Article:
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Application of Geophysical Well Logs in Coal bed Methane Prospect Evaluation ____________________________________________________________________________________________________________

Application of Geophysical Well-Logs in Coal bed Methane Prospect Evaluation


Dr.V.Gopala ao and Mr. .!.Cha"raborty #L$ Asia Ltd.

Abstract
Geophysical Well logs are important information source for CBM prospect evaluation !t identifies coal layers "ithout any ambiguity and offers a permanent record# "hich facilitates spatial correlation# and "or$ out geological history of the area by "or$ers of different discipline at the same time or at different point of time Geophysical "ell log characteristics of coal beds bears a strong semblance to coal ran$ing# recogni%es cleat potential & fracture %ones and provides inferences on thermal history# pressure regime and about stress field of the area that are vital for prospect evaluation Well logs are most reliable data source in various map preparation needed for reserve estimation# forecast production potential and plan for optimal recovery of methane gas Well log data being a permanent record# offers a strong foundation for generating transforms bet"een laboratories derived data vis-'-vis log data for continuous evaluation and apply corrective reality measures to incorporate subtle local variations caused due to geologic environmental changes (hese transforms have found "ider acceptance throughout the globe for various assessment# and handy# to ma$e forecast on production potential Among the array of logs used in CBM prospect evaluation# density log occupies a special position (his is because of its "ider use e g in various assessments# framing transforms# and Gas !n Place )G!P* calculation through volumetric method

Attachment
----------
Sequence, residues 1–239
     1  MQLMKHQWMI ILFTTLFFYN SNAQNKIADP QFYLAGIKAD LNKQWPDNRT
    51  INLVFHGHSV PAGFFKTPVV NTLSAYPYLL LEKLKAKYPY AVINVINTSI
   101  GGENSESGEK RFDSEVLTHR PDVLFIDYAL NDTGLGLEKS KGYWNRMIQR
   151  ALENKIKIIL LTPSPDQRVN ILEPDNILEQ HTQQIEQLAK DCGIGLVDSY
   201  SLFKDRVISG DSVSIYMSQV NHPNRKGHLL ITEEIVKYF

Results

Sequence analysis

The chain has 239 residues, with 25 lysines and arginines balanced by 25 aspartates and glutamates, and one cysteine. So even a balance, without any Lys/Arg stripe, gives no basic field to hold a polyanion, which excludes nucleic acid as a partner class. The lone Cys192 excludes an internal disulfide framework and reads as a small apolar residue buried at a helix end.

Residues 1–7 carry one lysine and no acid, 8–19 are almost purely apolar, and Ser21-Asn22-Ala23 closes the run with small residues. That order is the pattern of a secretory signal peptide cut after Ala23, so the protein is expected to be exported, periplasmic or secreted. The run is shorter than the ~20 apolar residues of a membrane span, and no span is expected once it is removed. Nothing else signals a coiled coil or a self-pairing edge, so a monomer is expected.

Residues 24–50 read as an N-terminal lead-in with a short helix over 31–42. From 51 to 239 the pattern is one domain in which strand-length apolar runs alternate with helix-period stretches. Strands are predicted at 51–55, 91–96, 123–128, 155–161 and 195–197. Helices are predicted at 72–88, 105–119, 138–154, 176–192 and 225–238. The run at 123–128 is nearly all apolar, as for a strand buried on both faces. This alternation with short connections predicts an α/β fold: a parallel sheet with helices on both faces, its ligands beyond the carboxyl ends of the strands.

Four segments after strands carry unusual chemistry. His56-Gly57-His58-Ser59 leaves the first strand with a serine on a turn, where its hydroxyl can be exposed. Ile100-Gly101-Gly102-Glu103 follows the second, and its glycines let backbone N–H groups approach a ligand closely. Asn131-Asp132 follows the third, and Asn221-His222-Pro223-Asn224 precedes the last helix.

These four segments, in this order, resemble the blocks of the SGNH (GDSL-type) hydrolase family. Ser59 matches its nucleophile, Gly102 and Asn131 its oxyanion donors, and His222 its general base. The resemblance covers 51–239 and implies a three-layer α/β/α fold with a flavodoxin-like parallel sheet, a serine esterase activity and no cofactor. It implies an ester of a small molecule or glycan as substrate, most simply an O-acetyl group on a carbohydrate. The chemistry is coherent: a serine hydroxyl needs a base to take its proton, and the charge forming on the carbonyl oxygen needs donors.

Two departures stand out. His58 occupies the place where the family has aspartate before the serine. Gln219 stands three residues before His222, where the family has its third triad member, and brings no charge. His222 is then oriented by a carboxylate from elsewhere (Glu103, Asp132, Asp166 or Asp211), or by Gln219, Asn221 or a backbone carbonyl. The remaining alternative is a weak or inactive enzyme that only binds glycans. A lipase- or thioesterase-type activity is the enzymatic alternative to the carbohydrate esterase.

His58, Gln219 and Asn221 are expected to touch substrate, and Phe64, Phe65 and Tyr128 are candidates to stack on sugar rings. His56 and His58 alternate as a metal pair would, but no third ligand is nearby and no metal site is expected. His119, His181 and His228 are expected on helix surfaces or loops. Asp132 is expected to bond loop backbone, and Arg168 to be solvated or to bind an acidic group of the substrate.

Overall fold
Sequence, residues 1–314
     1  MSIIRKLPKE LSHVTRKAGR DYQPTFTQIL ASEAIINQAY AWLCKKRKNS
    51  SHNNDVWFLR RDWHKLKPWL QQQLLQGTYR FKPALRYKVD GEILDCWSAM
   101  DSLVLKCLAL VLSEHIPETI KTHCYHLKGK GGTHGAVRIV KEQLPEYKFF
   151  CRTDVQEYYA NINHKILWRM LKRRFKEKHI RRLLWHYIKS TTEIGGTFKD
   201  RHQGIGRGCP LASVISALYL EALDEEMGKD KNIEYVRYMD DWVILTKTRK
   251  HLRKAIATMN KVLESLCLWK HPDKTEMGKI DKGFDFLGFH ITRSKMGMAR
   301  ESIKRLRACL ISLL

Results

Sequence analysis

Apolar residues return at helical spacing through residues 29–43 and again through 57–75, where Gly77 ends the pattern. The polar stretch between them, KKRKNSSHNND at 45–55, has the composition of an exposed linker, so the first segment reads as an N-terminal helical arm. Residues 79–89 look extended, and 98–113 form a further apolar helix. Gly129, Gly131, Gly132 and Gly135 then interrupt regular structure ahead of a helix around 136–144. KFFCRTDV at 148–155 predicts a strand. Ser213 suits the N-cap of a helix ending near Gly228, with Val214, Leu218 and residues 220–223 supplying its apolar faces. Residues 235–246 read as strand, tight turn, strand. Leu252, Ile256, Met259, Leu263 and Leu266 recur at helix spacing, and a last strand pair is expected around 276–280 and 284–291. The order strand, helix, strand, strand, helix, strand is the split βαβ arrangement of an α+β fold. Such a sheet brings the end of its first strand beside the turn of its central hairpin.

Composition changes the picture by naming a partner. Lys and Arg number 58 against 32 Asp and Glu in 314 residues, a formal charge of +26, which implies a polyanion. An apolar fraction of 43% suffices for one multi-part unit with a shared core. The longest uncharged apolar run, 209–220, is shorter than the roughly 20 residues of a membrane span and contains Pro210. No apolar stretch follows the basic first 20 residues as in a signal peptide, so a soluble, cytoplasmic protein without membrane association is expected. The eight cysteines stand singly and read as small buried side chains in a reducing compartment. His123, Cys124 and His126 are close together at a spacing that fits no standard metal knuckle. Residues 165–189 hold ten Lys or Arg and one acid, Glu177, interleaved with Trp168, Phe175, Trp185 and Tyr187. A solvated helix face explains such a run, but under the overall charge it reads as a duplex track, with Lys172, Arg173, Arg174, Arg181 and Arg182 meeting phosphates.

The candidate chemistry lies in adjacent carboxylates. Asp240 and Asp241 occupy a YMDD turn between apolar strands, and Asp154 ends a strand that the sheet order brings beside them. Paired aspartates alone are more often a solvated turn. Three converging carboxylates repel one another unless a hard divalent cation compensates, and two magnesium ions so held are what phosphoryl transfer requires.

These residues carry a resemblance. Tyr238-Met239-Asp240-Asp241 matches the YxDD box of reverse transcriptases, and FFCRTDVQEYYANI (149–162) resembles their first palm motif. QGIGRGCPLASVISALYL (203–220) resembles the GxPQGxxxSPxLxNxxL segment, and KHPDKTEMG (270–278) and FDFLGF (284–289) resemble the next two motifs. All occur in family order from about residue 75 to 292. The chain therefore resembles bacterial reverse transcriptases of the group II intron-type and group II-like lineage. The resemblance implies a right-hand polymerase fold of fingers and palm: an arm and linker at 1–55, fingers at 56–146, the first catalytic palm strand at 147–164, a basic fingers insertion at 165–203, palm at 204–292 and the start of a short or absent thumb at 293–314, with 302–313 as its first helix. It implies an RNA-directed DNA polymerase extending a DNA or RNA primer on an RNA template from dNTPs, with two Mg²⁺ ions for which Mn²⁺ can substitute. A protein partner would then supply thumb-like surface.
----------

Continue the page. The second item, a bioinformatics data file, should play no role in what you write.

Introduction
CBM is an energy source and are held in coal layers in a li+uid li$e state Coals can accommodate si, or seven times more gas volume than conventional sand reservoirs Coals have high micro-porosity and large internal surface area that provides the re+uisite accommodation space to host methane gas# "hich can be recovered before# during and after mining# and even from the debris after abandonment of mining activity# called gob gas After e,traction of CBM# coal layers can act as a good host for C-. se+uestration because C-. has high degree of affinity to coal layers CBM e,ploitation is therefore advantageous from the standpoint of protecting planet Earth from potent green house effect leading to high global "arming

Methane has ./ times more "arming capability than C-. Coals are of follo"ing types0 Peat# Lignite# 1ub-Bituminous# Bituminous# and Anthracite Ma2or elements in coal are0 carbon# hydrogen# o,ygen# sulfur and nitrogen Minor +uantities of metals e g iron# sodium# calcium# mercury etc and many organic molecules are also present (heir organic structure varies depending on content and grade -rganic structures in coal generally are too complicated as can be vie"ed from the e,ample presented here in )3ig /* !t is in these molecular sieves# methane molecule is stored (o e,ploit this gas economically# it is necessary to assess its potential first (o this effect# "ell logs through out the "orld have been found very effective and potent data source